Tag Archives: Galileo Galilei

Getting Galileo wrong. Twice.

Galileo and Viviani
Image via Wikipedia

Darwinists reflexively use the story of Galileo to advance the religious vs. science false dichotomy.  That fails on two levels.

1. The Galileo story that people usually refer to has many mythical elements.  And how many people can cite an example besides Galileo?

And as far as religious (or non-religious) beliefs getting in the way of science, who knows if Einstein’s presupposition of a static universe caused his error with the cosmological constant?  After all, an expanding universe certainly gives more support to a theist model than a static one.  That hypothesis cuts both ways.  This happens often in science, such as the myth of “junk DNA” that went on for years because Darwinists assumed it without evidence.

2. Which is the more pertinent element of the Galileo story?

A. Some religious people were wrong while other religious people were right.

B. Those in power were wrong and abused their authority and those not in power were right.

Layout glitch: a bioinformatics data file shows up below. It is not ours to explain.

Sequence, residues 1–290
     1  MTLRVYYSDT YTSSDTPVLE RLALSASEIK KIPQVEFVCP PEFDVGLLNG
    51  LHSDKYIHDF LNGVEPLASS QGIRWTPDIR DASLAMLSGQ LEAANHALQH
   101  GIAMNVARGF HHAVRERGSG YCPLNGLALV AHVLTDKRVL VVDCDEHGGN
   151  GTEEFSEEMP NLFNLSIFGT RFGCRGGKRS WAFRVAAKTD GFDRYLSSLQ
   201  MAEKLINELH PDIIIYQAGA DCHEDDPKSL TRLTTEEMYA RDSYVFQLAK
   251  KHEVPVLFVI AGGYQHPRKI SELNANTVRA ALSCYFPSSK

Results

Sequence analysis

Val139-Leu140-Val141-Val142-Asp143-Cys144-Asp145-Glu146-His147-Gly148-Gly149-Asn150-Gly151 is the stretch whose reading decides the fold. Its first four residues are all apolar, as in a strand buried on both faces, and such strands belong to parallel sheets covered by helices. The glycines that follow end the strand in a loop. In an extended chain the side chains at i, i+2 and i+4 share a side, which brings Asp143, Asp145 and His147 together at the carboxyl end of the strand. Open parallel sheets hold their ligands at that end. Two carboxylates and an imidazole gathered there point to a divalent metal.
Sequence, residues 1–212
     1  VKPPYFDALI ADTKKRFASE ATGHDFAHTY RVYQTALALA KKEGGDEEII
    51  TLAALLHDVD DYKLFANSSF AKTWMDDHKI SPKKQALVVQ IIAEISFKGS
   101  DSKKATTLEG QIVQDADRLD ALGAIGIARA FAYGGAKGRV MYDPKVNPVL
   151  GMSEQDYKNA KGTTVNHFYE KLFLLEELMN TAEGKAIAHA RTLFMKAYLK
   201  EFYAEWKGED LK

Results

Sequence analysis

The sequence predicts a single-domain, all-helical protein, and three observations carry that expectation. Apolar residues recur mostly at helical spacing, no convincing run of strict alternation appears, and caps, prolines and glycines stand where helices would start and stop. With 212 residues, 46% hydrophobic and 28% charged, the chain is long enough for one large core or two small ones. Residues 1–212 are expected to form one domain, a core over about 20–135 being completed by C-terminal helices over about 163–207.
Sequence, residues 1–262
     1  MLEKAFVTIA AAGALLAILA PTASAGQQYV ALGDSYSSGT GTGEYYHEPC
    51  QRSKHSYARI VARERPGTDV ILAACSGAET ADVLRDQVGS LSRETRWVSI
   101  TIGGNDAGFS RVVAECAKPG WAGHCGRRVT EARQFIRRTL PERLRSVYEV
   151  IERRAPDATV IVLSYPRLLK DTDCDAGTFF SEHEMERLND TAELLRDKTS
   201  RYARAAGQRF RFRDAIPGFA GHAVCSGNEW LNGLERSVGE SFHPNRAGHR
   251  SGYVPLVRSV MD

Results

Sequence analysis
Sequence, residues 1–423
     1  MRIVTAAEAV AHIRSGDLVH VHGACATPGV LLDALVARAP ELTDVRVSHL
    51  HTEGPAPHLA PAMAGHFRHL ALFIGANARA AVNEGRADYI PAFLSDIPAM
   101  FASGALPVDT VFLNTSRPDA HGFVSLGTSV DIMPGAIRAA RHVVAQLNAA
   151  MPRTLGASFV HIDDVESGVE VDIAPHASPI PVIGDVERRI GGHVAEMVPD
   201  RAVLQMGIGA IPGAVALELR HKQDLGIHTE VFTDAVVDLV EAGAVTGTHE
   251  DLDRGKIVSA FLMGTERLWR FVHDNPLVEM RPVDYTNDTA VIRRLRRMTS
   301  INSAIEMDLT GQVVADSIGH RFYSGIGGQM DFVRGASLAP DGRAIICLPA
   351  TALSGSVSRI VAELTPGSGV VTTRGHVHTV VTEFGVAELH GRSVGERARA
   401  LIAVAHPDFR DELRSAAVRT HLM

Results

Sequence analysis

People who use the Galileo example typically assume A, but I think it is B.

The August 2011 issue of Salvo (great magazine and web site, btw) had an article about a professor forced to write an apology to a student he had harassed in class over her unwillingness to believe in Darwinian evolution.  He wrote a non-pology instead, “apologizing” for “appearing to denigrate” her beliefs and insisting that he hadn’t meant to offend her.

Worse yet, he had the gall to refer to Galileo.  The girl’s lawyer replied to him noting the irony of the Galileo example.  After all, who was the authority figure in this case and who was the victim?  The professor was authority figure (the “Pope” of this situation) and he used his power to deliberately humiliate the woman taking risks in opposing the majority view.  The professor cast himself as the hero, but the woman was the one challenging the orthodox position and standing up for free thinking.

P.S. The religion vs. science canard always reminds me of this gag from The Simpsons,  where Lisa Simpson finds a phony fossil of what appears to be an angel.  The judge presiding over a trial about the fossil said this:

As for science versus religion, I’m issuing a restraining order: Religion must stay 500 yards from science at all times.

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